Jim McCrossin, 78, a retiree from Virginia City, Nevada, who surveyed the ranch in a DeSantis cap, said that he had previously supported Trump but worried about his electability.
“I just think there’s so much hate for him,” he said, adding, “Trump’s been arrested twice, and that’s probably not the last time.”
He said that DeSantis “doesn’t have the drama.”
His household is divided: His wife, Jacquie McCrossin, said that she still favored Trump, even though she had on a DeSantis cap.
Shellie Wood, 72, a retired nail technician and gold miner from Winnemucca, Nevada, who sported a Trump 2020 camouflage cap, said that DeSantis would make a strong running mate for Trump, but that it was not his moment.
Still, Wood said DeSantis had made a positive impression on her with his record in Florida.
“He’s stood up against Disney, and that’s something a lot of people didn’t have the gumption to do,” she said.
DeSantis repeatedly reminded the crowd of his feud with Disney, which he and other Republicans turned into an avatar of “woke” culture after the company criticized a state law that prohibited classroom instruction about sexual orientation and gender identity.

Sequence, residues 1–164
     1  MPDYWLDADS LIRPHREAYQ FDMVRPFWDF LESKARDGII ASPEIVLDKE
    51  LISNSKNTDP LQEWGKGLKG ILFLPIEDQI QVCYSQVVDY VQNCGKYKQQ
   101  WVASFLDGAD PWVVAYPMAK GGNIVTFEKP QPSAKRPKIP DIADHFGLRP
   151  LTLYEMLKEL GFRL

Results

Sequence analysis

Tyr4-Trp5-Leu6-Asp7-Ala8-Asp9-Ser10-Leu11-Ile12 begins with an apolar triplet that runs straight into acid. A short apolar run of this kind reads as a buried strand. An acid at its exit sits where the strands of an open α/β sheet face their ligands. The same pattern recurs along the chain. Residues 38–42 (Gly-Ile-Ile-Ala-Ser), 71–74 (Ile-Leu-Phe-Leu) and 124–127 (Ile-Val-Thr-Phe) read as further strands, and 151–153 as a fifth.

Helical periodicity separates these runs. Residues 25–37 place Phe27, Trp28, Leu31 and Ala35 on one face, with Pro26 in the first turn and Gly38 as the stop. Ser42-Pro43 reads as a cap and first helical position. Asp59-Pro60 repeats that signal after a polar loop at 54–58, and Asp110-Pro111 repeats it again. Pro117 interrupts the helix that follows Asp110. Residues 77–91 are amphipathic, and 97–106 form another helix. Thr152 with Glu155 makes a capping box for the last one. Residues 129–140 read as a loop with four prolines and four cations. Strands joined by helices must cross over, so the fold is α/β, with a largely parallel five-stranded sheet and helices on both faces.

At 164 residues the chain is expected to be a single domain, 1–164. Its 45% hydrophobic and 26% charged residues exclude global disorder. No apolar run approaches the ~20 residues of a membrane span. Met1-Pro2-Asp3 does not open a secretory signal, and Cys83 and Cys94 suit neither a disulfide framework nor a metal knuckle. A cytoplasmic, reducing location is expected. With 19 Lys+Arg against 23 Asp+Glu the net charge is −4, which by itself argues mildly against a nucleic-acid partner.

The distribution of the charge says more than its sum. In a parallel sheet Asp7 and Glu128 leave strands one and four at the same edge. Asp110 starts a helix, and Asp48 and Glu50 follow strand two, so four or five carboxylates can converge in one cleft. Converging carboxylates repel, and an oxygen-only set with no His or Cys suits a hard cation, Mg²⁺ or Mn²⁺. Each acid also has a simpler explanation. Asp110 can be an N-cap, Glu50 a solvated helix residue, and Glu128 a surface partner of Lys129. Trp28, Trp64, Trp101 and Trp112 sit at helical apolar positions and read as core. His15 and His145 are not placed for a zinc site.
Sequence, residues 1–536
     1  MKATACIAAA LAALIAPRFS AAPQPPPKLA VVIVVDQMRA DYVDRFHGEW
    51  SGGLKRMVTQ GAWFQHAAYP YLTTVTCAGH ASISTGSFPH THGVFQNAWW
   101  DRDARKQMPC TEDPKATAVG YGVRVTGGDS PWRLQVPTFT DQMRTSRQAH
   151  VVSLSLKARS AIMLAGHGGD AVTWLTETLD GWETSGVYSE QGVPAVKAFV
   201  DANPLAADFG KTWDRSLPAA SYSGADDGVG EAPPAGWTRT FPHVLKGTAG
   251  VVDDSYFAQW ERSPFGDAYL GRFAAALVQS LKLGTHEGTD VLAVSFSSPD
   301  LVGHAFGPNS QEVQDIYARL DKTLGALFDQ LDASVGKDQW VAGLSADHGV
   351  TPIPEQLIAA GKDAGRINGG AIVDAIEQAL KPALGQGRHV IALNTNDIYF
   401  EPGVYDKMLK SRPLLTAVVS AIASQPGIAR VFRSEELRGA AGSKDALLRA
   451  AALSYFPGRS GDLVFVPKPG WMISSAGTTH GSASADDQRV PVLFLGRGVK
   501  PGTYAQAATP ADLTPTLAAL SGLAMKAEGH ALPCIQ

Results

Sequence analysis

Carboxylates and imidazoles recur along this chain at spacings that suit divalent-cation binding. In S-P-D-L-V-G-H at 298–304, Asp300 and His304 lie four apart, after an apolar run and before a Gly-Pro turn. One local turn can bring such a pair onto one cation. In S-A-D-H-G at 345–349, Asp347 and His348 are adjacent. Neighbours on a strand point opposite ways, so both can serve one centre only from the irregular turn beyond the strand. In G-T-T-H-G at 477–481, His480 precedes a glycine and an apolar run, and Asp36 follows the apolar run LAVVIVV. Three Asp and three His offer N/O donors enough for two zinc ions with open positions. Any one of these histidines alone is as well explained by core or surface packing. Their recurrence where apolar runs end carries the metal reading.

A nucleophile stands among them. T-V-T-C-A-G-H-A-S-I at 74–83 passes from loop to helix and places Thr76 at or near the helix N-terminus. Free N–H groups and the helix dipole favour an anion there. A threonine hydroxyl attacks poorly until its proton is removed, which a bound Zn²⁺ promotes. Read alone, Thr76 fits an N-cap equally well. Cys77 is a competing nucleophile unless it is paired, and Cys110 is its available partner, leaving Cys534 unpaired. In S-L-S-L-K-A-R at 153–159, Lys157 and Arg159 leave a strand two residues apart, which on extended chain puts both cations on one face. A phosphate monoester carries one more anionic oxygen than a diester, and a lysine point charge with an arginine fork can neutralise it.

In the buildup to his formal debut as a candidate last month, DeSantis grappled with being labeled by the media and rivals as awkward at retail politics and in one-on-one settings with voters.
Before stepping up to the podium, with the snow-peaked mountains behind him, DeSantis mingled with a group of VIPs for about 30 minutes in a reception that was closed to the news media.
Outside the reception, Casey DeSantis, the governor’s wife, who has been an omnipresent campaigner and influence on the policies of her husband’s administration, took selfies and signed autographs for local Republicans. She had on boots, too.
While Ron DeSantis impressed many of the attendees, there was still a pro-Trump undercurrent at the event. Shawn Newman, 58, a truck driver from Fernley, Nevada, who hovered near a table with DeSantis campaign swag while wearing a ubiquitous red Trump cap, said Trump was still his candidate.
“Trump’s above their reach,” he said of the other Republican candidates.
As DeSantis worked a rope line after his speech, one man handed him a campaign hat to sign. In his other hand, he clutched a Trump cap.